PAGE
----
The Edinburgh Poverty Commission today joins Shelter, the Poverty Alliance, and other partners in calling on the City of Edinburgh Council to declare a housing emergency in Scotland’s Capital City.

In 2020 the Commission published it’s landmark report “A Just Capital: Actions to end poverty in Edinburgh” in response to 2 years of research and over 1,000 conversations with people experiencing poverty in Edinburgh, their allies, and the support systems they use.

We found that almost one in three families in Edinburgh in poverty are pulled below the water line solely due to their housing costs. That compares with one in eight households in poverty across Scotland.

Edinburgh has long been the least affordable city in Scotland to buy or to rent a house. The cost of buying is too high for many and the lack of social housing and growth of the short term let market has meant that many are trapped in unaffordable private rental accommodation. We heard of the fear that rising housing costs are making ever larger parts of the city ‘unliveable’ and the isolation felt by the large number of people living in temporary accommodation, disconnected from family and friends, and living in conditions that none of us would consider acceptable.

Three years ago we concluded that “there is no pathway to ending poverty in Edinburgh without solving the city’s housing crisis”.  That was true in 2020, and is more so than ever in 2023.  We recognise the positive steps the Council and its partners have made in response to our calls to action on this issue – including lobbying for additional funding, regulating short term lets, taking early action to prevent homelessness, and increasing affordable housing contributions from new developments – but it is clear that there is more to do.

We call on the Council to declare a housing emergency in Edinburgh and form a new alliance with the Edinburgh Partnership, Housing Associations, Scottish Government, and the citizens of Edinburgh to define and implement the radical change that this crisis demands.

Jim McCormick, chair of Edinburgh Poverty Commission and Chief Executive of the Robertson Trust said:

“In recognising the housing emergency in Edinburgh, additional urgent action needs to follow – over and above the steps that have been taken in the last three years.  These steps have been firmly in the right direction, but coming on the back of long-term under-investment in truly affordable housing they are clearly not adequate.

While the city’s firm cross-party commitment to the Edinburgh Poverty Commissions calls to actions is clear, these cannot be achieved without a transformation in the city’s housing system.

We see this as too big a challenge for the City Council and other housing providers to solve alone and within planned resources. The challenge for our capital city is also Scotland’s challenge. We reiterate our call for the Scottish Government to recognise the scale of the crisis in Edinburgh and develop a plan with the City Council to match it. This demands nothing less than a process to attract significantly more investment.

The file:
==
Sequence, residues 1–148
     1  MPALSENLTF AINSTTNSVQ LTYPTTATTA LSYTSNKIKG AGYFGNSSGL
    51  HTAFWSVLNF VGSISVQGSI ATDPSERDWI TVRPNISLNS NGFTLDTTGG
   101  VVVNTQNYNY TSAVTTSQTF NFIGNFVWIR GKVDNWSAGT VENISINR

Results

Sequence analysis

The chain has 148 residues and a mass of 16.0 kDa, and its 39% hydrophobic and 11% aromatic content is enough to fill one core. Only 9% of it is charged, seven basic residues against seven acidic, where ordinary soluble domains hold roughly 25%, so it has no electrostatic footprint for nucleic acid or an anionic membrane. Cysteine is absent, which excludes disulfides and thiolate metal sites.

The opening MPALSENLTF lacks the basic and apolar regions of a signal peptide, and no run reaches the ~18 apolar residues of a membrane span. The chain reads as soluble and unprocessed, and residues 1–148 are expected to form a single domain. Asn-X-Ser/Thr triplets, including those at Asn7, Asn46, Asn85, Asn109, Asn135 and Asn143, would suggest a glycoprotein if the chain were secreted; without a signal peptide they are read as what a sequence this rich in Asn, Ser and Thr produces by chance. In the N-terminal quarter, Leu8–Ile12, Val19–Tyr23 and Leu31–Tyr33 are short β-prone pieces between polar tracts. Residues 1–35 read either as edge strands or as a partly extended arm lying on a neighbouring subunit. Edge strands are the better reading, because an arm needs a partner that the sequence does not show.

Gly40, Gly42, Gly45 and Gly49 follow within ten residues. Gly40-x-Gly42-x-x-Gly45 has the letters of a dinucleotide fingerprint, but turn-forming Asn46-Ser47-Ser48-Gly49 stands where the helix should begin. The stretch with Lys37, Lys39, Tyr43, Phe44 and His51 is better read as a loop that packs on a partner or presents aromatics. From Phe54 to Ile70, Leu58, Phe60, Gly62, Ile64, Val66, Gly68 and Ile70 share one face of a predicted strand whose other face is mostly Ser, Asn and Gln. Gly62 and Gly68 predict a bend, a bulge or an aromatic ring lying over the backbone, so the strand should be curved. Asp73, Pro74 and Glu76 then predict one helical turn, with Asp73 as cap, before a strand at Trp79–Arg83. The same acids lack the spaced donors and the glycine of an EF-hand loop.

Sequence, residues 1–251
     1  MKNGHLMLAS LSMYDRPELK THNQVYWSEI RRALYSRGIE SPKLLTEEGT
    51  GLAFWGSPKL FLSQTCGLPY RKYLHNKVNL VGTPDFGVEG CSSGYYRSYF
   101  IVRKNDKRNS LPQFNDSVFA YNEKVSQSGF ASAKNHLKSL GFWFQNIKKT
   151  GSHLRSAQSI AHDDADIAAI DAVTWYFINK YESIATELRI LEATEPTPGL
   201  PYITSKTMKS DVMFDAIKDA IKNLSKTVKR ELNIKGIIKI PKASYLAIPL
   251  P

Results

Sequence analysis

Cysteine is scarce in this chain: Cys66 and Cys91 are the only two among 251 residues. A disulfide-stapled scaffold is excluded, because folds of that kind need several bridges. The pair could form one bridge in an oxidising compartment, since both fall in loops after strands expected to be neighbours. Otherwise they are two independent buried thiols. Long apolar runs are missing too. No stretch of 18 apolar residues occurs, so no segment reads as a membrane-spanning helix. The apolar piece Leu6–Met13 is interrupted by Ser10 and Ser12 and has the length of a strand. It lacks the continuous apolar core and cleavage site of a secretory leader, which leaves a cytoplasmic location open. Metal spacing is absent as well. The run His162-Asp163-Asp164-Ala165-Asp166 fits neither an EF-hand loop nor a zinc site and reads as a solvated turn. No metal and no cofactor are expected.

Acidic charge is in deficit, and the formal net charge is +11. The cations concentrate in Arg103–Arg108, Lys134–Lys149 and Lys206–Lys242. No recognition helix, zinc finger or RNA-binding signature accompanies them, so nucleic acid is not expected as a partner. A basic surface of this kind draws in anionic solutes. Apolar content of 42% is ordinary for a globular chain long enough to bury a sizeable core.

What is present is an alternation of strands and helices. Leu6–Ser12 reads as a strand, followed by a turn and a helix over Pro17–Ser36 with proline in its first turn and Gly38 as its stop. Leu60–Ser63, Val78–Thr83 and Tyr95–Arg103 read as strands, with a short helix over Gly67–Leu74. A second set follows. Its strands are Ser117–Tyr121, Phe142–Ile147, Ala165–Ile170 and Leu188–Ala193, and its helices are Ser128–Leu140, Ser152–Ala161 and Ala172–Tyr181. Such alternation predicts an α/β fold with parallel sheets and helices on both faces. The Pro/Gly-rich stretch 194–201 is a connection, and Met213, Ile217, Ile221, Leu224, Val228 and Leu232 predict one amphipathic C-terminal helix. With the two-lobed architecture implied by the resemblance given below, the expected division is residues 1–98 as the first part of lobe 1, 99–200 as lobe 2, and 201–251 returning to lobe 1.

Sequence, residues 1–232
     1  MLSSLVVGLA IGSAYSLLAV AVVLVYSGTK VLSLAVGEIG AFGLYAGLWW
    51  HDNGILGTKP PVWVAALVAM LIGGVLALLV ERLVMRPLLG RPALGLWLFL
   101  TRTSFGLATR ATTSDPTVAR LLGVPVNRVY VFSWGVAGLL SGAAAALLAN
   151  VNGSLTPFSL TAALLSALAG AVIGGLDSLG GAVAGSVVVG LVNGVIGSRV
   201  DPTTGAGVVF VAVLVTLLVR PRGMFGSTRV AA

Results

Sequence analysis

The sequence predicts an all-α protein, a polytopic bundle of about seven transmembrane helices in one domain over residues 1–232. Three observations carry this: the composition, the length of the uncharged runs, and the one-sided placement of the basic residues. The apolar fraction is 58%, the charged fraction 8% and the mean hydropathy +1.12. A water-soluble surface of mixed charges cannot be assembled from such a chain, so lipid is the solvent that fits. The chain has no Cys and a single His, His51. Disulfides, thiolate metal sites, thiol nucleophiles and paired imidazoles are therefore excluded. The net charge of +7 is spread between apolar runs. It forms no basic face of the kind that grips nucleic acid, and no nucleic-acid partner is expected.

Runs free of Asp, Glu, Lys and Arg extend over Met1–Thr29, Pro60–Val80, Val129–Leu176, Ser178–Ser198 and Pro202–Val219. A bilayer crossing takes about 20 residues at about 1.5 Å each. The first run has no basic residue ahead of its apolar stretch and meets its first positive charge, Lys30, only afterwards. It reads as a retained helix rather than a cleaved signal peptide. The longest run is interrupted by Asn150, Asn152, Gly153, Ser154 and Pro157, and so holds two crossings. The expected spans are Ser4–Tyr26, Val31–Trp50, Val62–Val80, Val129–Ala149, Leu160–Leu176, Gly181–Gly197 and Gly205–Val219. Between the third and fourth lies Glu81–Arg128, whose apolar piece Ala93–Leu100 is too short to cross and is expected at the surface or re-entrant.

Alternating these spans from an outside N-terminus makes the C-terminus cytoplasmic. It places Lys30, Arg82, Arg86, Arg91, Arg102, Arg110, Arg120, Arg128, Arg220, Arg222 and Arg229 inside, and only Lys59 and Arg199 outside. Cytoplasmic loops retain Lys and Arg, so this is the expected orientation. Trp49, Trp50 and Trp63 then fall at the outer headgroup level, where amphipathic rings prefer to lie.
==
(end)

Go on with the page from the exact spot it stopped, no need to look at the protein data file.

Given the rate of social housing completions, we think further ‘tenure-switching’ will be needed. This should seek to bring in additional private stock to the city’s pool of social rented homes until overall affordable housing supply has addressed the crisis.

We call on the City Council to fully involve people at the sharpest end of the emergency – especially those who are stuck in temporary accommodation – in co-designing a recovery plan.”

Craig Sanderson, Edinburgh Poverty Commission member and Chartered Institute of Housing (CIH) Scotland Board Member, said:

“Edinburgh has received insufficient Scottish Government investment for decades, reliably estimated to have been £70m every year.

In our Just Capital report in 2020, the Edinburgh Poverty Commission called for 2,000 new homes for social rent to be built in the city in each of the following ten years, double the build rate planned by the City of Edinburgh Council at that time. Actual completions in the three years since have been 257, 247 and 451.  This is a chronic shortfall, exacerbated by current predictions of a fall in completions.

So the situation is likely to get even worse unless there is an immediate injection of significant Scottish Government investment.  It also needs a more interventionist and collaborative approach by all the key public agencies which comprise the Edinburgh Partnership.”

Caroline Cawley, member of the citizen led End Poverty Edinburgh group said:

“Everyone in Edinburgh wants a safe, warm home that meets their needs. But the city just isn’t providing that for far too many of its citizens. We have a very high volume of private holiday lets and student accommodation, and private rents are rocketing. We have a severe lack of social housing, so people are left on waiting lists for far, far too long, and even when they get a house, it’s often not suitable, or has damp, mould, or a terrible heating system. We have experienced and heard many examples of long waits for repairs and poor communication.

Edinburgh desperately needs an increase in quality social housing, accessible social housing, and genuinely affordable housing. The council cannot do this alone, and more support is needed from the Scottish Government. Improving the housing situation in Edinburgh would undoubtedly have one of the biggest impacts on those experiencing poverty.”